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Worker Empowerment Pays Off

Worker Empowerment Pays Off

 

Put your whole company in Customer Service Mode

First published on http://www.petercheales.co.za 
Copyright © 2007  Peter Cheales
Used with permission of the author:
Author: Peter Cheales
Founder 
Hellopeter.com  www.hellopeter.com 
19 November 2007


Discreetly scouting around any company will quickly tell you the quality of service you can expect and whether the business is destined for success or the corporate graveyard. Pay particular attention to the employees. Beat a hasty retreat if the people you meet are indifferent, apathetic and lethargic. The people who work for depressed companies — companies on the way out — show no emotion and display little interest in the products or in you, the customer.

I often meet the people who head these companies when I speak at conferences. They come up to me after I’ve delivered my presentation and complain: “I want to do what you suggest to revitalise my customer service, but my employees are so de-motivated. They just seem to lack energy and initiative.”

Think empowerment. Create and implement a strategy that will pass more responsibility on to your workforce.

When employees join your company, they come with bountiful talents. In most cases newcomers are full of enthusiasm. But much of their ardour and energy gets drained by traditional-style managers who insist on placing them in rigid little “function boxes” — the type so beloved by time and motion study experts.

Unleash your employees’ potential by removing the shackles that restrain their talents and energy. Free of the chains of outmoded, bureaucratic management techniques, they’ll be more committed, happier, more productive and more responsive to your customers.

So let your workers do their thing unfettered. You’ll find that they really do know best when it comes to doing their jobs.

Here are eight steps to staff empowerment that work:

  1. Keep your workers busy. Give them all the responsibility they can handle.
     
  2. Set specific performance standards. Ensure that every employee know what levels of customer service the company expects them to deliver.
     
  3. Rethink company policies. Scrap any that hinder the provision of excellent customer service by members of your staff.
     
  4. Only offer on-the-job advice when workers ask for it. Avoid monitoring every move they make unless you want to disempower them. Tell them clearly what you want done, give them a reasonable deadline and let them get on with it.
     
  5. Make allowances for mistakes. Don’t punish people for making them. When you give your workers the tools to do the job and leave them to do it, some will make errors along the way. If you mouth off about them, you’ll discourage your employees from taking even calculated risks by always sticking to a play-it-safe routine. This will kill initiative stone dead. A big part of empowerment is tempting people to test their limits. Mistakes happen. When they do, pick up the pieces and move on.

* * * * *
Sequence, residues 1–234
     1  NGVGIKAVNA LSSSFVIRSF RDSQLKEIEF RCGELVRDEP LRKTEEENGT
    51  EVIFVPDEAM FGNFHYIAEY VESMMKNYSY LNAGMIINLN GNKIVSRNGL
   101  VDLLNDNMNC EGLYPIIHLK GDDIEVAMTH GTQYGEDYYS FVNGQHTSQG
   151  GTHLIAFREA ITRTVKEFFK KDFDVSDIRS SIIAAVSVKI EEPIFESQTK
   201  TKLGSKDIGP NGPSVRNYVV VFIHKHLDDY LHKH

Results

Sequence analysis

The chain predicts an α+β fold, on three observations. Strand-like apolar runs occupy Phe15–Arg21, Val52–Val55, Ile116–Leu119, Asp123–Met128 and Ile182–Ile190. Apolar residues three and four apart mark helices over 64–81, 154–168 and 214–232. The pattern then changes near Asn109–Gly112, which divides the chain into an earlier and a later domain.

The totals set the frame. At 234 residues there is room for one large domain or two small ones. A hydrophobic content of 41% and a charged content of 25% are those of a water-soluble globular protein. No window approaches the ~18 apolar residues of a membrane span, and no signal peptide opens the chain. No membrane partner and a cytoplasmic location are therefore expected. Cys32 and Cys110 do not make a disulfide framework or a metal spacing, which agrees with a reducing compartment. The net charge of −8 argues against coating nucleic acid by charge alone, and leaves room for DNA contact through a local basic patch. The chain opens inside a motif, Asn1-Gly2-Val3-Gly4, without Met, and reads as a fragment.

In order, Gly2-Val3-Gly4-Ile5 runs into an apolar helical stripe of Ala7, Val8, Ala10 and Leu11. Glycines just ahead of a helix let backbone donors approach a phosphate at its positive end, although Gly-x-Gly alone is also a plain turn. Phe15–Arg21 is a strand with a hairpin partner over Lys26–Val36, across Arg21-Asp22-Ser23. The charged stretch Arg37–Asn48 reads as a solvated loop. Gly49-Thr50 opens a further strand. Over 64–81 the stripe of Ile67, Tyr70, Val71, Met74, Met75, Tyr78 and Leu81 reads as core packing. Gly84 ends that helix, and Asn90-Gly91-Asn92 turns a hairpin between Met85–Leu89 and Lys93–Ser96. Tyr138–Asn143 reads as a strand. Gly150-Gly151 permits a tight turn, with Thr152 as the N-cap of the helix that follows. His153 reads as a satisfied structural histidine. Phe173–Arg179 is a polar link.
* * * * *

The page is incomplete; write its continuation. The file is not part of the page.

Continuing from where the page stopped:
6. Revamp your company’s recruitment policy. Woo high-energy, motivated self-starters. They are the only people suitable for empowerment. You’ll only court disaster by letting the rest of the herd run free.
     
  7. Offer workers meaningful incentives. Why should anyone bust a gut for you? Ensure that your employees know what’s in it for if they go that extra mile. It doesn’t always have to be money. Picking up the tab for all-expenses-paid holidays or after-hours courses may be more appreciated.
     
  8. Acknowledge exceptional customer service. Ensure that achievers hear the applause by making public presentations at monthly staff get-togethers.

On its own, empowerment can’t solve problems. But it brings more brainpower to bear on overcoming chinks in your business and customer service armour. It also builds staff loyalty, enhances productivity and slashes the cost of constantly inducting newcomers recruited as a result of high staff turnover levels.

If you’re going to empower your staff, go the whole way. If you don’t, you’ll only increase employee cynicism and distrust. Make your workers “partners” in the business. Give them all the facts, not just information you’ve sanitised before passing it down through the ranks. They’ll need to be kept fully in the picture if you’re going prosper in the changing business environment.

Today’s customers no longer select just a product or service. They want what they buy to be configured for their specific use. And they want it done yesterday. Customisation will increasingly be the name of the game. To compete in this environment, your staff will have to become more deeply involved in decision-making on a daily basis. By empowering those on the factory floor, your firm will be able to accelerate its response to rapidly changing business conditions and customer demands.

Empowerment only works when there is a free and open flow of information throughout the business. Stifling the flow denies your workers the facts they need to be fully effective.

Don’t always put your customers first. Sure, they’re not just important to the health of your bottom line, they’re vital. So are your employees. Without them you wouldn’t have customers. And no customers equals no business.



Peter Cheales (www.petercheales.co.za)  is southern Africa's most sought-after conference speaker, and author of twelve books, including I WAS YOUR CUSTOMER, one of the best selling books in South Africa of all time. Peter is the founder of Hellopeter.com, the world’s largest Customer Service website, and has a weekly radio show on Classic FM. For bookings, he can be contacted at (011) 880 4520 or .

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